Luis von Ahn says his brain teems with multiple ideas every day, all day—and “the vast majority of these are completely idiotic.”

True or not, some of those ideas have changed how we use the internet. The baby-faced computer scientist, educator, and entrepreneur from Guatemala had a profound impact by age 20.

As the world celebrates Computer Science Education Week December 6-12, it can also celebrate von Ahn’s prominent role in improving the security of internet sites, digitizing books through crowdsourcing, and more.

As a child, von Ahn wanted a Nintendo® console. But his mother, struck by his boundless mental energy and potential in computer technology, instead got him a Commodore 64® computer when he was 8. He designed his first functional application at 12.

After moving to the United States, he graduated with a Bachelor of Science in mathematics (Summa Cum Laude) from Duke University in 2000. He was then contacted by Yahoo! as a computer scientist where he, along with his mentor Manuel Blum, developed CAPTCHA—a now-ubiquitous means of determining whether a computer user is a real person.

Yahoo! was being overrun by spammers who needed huge amounts of email accounts from which to send their spam, using automated computer programs to sign up for them. The one-word password reading test for both computers and humans could only be passed by humans, meaning automated spam programs could no longer sign up for Yahoo! accounts.

It is estimated that at least 750 million people around the world have solved at least one CAPTCHA, now used by most major websites. (CAPTCHA stands for Completely Automated Public Turing test to tell Computers and Humans Apart.)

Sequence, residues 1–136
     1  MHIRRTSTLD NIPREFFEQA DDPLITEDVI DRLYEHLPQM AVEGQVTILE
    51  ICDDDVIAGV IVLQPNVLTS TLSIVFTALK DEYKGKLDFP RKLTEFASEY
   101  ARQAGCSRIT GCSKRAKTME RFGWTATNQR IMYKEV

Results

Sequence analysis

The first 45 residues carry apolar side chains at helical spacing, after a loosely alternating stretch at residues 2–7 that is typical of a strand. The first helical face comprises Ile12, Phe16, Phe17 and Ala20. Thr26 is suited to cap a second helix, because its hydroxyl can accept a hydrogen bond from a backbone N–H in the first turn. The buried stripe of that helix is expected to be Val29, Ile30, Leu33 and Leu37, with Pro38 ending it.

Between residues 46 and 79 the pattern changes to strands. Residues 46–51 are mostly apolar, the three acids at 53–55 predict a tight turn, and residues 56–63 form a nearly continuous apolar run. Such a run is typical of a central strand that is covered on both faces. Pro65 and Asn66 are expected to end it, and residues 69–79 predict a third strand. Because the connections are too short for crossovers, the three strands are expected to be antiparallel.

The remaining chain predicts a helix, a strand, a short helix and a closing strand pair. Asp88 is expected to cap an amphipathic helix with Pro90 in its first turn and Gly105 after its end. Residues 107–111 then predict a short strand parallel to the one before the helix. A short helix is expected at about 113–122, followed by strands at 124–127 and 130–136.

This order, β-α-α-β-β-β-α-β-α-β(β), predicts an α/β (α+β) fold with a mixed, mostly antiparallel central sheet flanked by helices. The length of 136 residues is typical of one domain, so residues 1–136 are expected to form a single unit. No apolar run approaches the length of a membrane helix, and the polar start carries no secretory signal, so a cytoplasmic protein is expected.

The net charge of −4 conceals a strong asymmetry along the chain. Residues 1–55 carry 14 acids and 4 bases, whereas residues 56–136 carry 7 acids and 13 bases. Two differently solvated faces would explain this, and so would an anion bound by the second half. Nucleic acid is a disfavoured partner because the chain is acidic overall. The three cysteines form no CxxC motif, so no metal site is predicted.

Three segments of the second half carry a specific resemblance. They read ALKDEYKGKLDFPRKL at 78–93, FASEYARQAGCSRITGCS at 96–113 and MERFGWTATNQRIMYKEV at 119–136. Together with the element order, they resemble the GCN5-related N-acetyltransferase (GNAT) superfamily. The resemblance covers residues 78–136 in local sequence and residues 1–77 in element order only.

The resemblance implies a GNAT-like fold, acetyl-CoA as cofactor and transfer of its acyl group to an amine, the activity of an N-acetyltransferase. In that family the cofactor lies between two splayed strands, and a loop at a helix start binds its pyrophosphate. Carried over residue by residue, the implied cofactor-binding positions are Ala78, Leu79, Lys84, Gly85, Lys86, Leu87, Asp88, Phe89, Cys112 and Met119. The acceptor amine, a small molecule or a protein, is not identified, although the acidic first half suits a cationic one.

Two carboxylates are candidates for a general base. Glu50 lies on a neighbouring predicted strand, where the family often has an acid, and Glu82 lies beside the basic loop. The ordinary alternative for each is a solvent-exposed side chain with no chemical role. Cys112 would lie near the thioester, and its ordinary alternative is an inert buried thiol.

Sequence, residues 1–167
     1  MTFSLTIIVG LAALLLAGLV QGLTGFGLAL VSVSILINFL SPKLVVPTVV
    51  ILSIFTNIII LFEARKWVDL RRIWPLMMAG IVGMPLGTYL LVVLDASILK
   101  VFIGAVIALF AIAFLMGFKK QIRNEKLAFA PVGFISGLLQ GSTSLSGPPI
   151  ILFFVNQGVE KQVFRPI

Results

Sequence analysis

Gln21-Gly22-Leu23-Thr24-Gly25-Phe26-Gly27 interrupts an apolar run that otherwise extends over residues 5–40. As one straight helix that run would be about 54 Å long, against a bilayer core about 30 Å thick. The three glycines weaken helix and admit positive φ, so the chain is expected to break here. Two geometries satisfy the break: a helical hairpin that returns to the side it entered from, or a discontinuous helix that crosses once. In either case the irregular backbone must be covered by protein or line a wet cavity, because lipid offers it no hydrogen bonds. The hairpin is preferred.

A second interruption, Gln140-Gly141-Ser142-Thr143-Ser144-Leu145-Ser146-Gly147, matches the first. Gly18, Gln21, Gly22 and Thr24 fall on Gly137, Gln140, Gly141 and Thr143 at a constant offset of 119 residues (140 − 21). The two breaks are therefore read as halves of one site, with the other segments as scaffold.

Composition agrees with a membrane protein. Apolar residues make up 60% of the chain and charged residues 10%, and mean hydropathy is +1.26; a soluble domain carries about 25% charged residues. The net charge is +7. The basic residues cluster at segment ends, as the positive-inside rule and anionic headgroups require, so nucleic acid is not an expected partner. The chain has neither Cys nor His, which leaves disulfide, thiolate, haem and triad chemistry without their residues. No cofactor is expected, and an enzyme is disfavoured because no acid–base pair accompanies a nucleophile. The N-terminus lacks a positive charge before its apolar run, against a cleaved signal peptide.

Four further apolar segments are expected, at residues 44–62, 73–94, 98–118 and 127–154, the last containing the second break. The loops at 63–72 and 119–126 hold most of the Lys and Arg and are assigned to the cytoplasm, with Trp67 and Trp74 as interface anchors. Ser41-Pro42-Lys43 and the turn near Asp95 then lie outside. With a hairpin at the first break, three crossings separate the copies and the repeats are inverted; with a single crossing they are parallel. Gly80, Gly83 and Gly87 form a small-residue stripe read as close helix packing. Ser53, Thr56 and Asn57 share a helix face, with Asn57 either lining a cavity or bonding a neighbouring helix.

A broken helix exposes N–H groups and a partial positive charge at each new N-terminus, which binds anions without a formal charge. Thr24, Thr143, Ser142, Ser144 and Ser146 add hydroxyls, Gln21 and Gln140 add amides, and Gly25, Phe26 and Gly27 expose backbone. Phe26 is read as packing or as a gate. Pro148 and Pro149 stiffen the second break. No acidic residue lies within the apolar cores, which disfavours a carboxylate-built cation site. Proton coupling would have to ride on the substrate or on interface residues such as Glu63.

But eventually, von Ahn wanted more than just an internet security innovation. This led to reCAPTCHA—which, instead of using random letters and words to decipher, uses fragments of old books that need to be digitized but previously could not because of aging of the pages that causes some words to be unrecognizable by the machines.

With reCAPTCHA, millions of people are simultaneously contributing to the process of transcribing books for the internet. In 2009, Google bought the rights to CAPTCHA and reCAPTCHA for somewhere between $10 million and $100 million, according to von Ahn.

Now a professor at his alma mater, Carnegie Mellon University, von Ahn received a master’s degree in computer science in 2003 and his Ph.D. in 2005. He also created Duolingo®, the most popular language teaching app in the world. It covers more than 80 different languages.

Von Ahn uses the concept of gaming with a purpose or (GAWP) in Duolingo just as he did in reCAPTCHA; People who practice the different levels must translate several phrases and words that, if correctly placed, are uploaded to the web. This makes an increasing number of internet pages available in all languages.

In 2018, von Ahn was awarded the $500,000 Lemelson-MIT Prize in honor of his commitment to invention, education, and mentorship.

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